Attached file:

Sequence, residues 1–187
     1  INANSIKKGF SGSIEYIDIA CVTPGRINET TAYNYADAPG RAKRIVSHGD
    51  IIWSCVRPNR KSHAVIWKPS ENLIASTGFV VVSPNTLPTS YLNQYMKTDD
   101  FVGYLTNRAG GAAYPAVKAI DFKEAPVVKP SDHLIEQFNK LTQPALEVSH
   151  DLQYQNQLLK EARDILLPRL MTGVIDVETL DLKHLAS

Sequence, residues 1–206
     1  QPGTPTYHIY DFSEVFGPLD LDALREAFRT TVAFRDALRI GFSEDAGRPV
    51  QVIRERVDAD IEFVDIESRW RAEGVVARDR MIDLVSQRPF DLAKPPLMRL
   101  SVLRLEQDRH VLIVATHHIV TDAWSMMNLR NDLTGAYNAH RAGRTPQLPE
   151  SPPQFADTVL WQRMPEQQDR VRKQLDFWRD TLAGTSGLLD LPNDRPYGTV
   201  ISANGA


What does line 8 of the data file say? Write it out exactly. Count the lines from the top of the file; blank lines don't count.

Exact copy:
    51  QVIRERVDAD IEFVDIESRW RAEGVVARDR MIDLVSQRPF DLAKPPLMRL